4. Share book teasers
Related to #3, Pinterest is a great place to post short teasers of your books, or to share accolades (reader reviews, etc). Remember, unlike Facebook, it’s possible (even likely!) that people who don’t follow you may see your pins based on their search results, interests, or previously saved pins. Compelling teasers and high praise are a great way to hook these new readers who may not have heard of you!
5. Create a Pinterest Business profile
Don’t worry, if you have a personal Pinterest profile, it’s easy and free to upgrade to a business account. And you should. Not only is it required by Pinterest’s Terms and Conditions if you use Pinterest for commercial purposes (aka, promoting your book), but it also gives you access to features like analytics, promoted pins, and more.
And the most important tip of all? Have fun with it. One of my favorite things about Pinterest is that because it’s all image based, and not “what’s going on with my life right now,” it tends to be wonderfully drama free. It’s nothing but pretty pictures, helpful advice, and once we authors up our Pinterest game … great books to read!
Lauren Layne is the New York Times and USA TODAY bestselling author of more than two dozen romantic comedies. Her books have sold over a million copies, in nine languages. Lauren’s work has been featured in Publishers Weekly, Glamour, The Wall Street Journal, and Inside Edition. She’s based in New York City.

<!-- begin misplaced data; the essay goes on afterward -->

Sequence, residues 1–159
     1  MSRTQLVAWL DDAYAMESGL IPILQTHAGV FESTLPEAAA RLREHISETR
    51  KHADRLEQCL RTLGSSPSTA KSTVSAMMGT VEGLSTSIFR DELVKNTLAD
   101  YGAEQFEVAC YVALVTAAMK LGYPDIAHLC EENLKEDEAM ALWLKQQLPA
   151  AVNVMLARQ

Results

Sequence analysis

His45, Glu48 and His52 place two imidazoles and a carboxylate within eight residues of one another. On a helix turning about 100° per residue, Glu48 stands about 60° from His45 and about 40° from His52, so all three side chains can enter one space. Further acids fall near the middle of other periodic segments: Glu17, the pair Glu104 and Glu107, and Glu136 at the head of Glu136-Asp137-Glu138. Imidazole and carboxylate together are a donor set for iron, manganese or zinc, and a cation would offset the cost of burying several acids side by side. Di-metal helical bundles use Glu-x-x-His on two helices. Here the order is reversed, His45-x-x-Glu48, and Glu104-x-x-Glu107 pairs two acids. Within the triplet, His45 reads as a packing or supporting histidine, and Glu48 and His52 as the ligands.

Great post! I use Pinterest quite a bit and have found it to be a great marketing platform. The teaser idea is a great one!
Wonderful, wonderful post — feel like a wondrous new world has opened up for me where I thought it was just a wonderful place to post photos and create boards!
This is a wonderful post that has me exhaling a breath I didn’t realize I was holding. As a relative newbie to Pinterest (and a highly visual person), I found myself hesitant with my approach to the platform. Your thoughts and tips have put my mind at ease. And that less drama thing is a welcome change to social media 😉 I love how Pinterest offers a clean place to graphically journal so many different aspects of a novel.
When linking your original pins to a website, do you prefer linking them to a website or your retail market page (i.e. – Amazon)? And if linking to your author website, do you link to the specific book page or the home page (there seem to be advantages to both)?
Thanks so much, Lauren, for a breath of fresh air and such useful tips. I look forward to deepening my involvement on this evolving platform for authors (and checking out your boards as well) 🙂
great post. I am not on pinterest. I think that wherever an author is on, if they don’t spend the time to truly engage there, then it is not a place for the authors profile
I couldn’t agree with this more, and it is leading me to re-evaluate where I am spending a majority of my time. Too many times, authors fail to use social media to be, well, social. It can be a blessing and a curse, all these platforms available to us. There are a select few that resonate with me, and it’s not a coincidence, I believe, that those are also the places where I find the strongest and most authentic connections with others.
thanks Dave:) all the best